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technology

SeatGeek Partners With NFL in League's New Approach to Ticketing

  • Co-founder says proving to teams being open is best approach
  • Model for sports tickets compared with that for ride-sharing

SeatGeek is becoming a distribution partner of the National Football League, putting the mobile-first startup alongside larger rivals Ticketmaster and StubHub in the league’s new approach to ticketing.

The partnership lets New York City-based SeatGeek, a relative newcomer to the industry, sell verified NFL tickets through its own marketplace starting this year. That could include primary tickets sold directly from clubs as well as resale tickets listed by fans, inventory simultaneously listed through the other companies.

“Our goal has been to prove to teams that they will benefit from being open, as opposed to the closed, legacy systems,” said SeatGeek co-founder Russ D’Souza. “Now the largest league in the world is embracing the concept, and we’re thrilled to be part of that network.”

The NFL in October announced it was renewing its long-standing partnership with Ticketmaster in a different way, moving away from an exclusive contract and toward a model that allowed other league-approved companies to access verified tickets and sell them across the internet. Resale giant StubHub, which is owned by EBay Inc., was the first partner to join, and SeatGeek is the second. Terms of the partnership weren’t announced.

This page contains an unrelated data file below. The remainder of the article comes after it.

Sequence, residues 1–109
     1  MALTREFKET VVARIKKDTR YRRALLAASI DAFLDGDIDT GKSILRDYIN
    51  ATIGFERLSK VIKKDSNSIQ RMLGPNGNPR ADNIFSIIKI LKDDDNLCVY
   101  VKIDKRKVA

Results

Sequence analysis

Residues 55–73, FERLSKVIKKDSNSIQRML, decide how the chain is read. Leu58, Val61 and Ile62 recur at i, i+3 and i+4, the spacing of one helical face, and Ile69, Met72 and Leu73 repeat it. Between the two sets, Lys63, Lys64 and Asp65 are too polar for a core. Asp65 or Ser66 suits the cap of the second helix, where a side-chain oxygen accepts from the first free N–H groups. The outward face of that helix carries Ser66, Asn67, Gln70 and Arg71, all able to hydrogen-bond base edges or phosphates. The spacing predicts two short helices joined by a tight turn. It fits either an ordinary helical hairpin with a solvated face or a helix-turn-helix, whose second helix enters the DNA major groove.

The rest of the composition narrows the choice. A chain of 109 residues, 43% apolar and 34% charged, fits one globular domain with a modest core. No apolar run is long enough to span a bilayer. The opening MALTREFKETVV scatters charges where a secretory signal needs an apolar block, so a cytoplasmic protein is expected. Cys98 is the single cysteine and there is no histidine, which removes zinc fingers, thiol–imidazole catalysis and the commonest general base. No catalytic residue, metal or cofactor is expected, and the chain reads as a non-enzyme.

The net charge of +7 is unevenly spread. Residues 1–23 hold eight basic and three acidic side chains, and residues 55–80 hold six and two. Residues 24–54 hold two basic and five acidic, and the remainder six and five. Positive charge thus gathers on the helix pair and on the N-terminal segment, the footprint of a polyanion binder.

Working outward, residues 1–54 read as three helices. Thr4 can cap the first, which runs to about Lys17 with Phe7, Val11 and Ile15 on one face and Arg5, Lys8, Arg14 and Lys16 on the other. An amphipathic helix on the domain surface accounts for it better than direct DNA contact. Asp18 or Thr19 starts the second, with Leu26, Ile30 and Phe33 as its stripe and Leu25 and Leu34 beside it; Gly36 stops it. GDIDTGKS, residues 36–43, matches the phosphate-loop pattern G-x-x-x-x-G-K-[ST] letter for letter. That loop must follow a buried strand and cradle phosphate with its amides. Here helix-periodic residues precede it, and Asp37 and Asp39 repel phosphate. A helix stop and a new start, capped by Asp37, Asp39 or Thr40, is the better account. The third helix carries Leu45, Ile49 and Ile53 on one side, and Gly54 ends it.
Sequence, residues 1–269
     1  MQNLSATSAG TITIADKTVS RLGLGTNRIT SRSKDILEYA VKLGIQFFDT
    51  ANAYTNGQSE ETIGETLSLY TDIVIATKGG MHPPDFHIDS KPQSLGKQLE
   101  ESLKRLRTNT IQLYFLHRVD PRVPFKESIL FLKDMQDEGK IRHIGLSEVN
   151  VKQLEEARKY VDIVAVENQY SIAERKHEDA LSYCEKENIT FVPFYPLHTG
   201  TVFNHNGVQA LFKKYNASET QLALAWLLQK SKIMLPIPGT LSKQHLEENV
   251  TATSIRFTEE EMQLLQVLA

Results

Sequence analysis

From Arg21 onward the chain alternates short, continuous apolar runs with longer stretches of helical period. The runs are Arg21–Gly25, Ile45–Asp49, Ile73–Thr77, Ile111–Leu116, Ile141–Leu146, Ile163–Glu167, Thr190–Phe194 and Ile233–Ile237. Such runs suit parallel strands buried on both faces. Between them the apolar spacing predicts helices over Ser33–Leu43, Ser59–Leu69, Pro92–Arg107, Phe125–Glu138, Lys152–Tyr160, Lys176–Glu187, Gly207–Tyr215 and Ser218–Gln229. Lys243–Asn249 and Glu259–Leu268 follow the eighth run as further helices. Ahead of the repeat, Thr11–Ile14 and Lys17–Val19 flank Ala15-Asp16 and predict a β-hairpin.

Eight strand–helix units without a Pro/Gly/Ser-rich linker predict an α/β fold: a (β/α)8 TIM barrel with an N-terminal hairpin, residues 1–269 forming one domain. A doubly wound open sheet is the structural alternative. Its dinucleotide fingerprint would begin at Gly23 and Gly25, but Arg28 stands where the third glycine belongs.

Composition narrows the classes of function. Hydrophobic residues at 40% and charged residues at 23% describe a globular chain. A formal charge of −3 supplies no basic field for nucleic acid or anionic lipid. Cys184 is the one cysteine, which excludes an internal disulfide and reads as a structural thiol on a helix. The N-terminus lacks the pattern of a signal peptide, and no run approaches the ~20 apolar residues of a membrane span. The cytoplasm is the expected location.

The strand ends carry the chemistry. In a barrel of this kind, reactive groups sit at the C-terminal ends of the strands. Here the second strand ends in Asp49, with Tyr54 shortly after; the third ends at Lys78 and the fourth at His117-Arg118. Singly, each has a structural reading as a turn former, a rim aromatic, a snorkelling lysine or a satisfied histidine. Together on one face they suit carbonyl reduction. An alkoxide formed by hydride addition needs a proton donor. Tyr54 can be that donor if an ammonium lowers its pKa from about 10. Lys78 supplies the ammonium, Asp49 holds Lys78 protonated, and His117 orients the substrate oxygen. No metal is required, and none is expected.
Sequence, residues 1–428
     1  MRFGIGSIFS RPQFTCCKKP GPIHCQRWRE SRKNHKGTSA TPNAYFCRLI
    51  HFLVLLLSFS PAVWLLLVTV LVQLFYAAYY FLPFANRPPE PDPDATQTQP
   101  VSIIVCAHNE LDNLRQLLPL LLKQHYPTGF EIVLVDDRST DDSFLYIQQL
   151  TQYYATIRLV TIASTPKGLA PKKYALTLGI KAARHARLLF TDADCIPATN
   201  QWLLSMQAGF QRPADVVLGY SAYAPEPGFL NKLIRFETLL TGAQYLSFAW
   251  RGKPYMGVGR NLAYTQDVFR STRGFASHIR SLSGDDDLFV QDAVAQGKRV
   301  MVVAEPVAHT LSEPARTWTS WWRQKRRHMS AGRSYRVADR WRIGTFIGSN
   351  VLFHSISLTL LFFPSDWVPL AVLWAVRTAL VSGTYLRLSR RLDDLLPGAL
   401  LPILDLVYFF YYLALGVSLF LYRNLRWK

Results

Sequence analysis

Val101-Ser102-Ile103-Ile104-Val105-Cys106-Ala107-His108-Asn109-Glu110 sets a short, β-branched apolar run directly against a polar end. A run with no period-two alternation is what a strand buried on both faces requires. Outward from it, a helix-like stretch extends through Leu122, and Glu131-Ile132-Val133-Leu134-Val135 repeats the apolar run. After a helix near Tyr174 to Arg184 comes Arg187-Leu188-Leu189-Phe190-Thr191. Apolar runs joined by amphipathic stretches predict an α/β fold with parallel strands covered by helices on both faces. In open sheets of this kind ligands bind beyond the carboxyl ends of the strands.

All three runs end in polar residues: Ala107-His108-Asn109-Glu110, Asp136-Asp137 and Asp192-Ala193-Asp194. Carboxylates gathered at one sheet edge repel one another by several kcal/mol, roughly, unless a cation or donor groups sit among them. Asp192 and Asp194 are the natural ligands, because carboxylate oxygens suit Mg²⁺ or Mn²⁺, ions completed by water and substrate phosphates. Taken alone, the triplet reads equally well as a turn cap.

The Future?

The new approach to ticketing allows NFL franchises to sell in more places, all while keeping data from the transactions, which is important for both security and fan outreach. Many in the ticket industry consider it the future of the marketplace, and the NFL is the first U.S. sports league to embrace it with all of its teams.

For SeatGeek, the deal moves it alongside the industry’s biggest companies for access to NFL inventory. Football fans will be able to buy tickets instantaneously and transfer them seamlessly through the SeatGeek site -- all with the guarantee that the ticket is real and hasn’t been double-sold. Such fraudulent sales are rare, but they do happen, and the specter looms over the entire resale industry.

‘Lowering the Barrier’

D’Souza compared the open ticketing model to what ride-sharing apps like Uber have done for transportation: now that rides are available at the click of a button, more people take them. “How do you get people to go to more events? You make it easier for them to buy and transfer tickets,” he said. “This is lowering the barrier.”

SeatGeek was founded in 2009 with the aim of using technology and a mobile-first platform to upend reselling of tickets for sports as well as concerts and theater. In 2017 the company raised $57 million to acquire TopTix, launching its push into primary ticketing. Investors include Glynn Capital, Causeway Media Partners and Accel, plus a handful of athletes, including NFL quarterbacks Peyton Manning and Eli Manning, and NBA star Carmelo Anthony.

SeatGeek’s primary ticketing clients include the New Orleans Saints and, according to ESPN, the Dallas Cowboys. D’Souza declined to comment on the Cowboys report.

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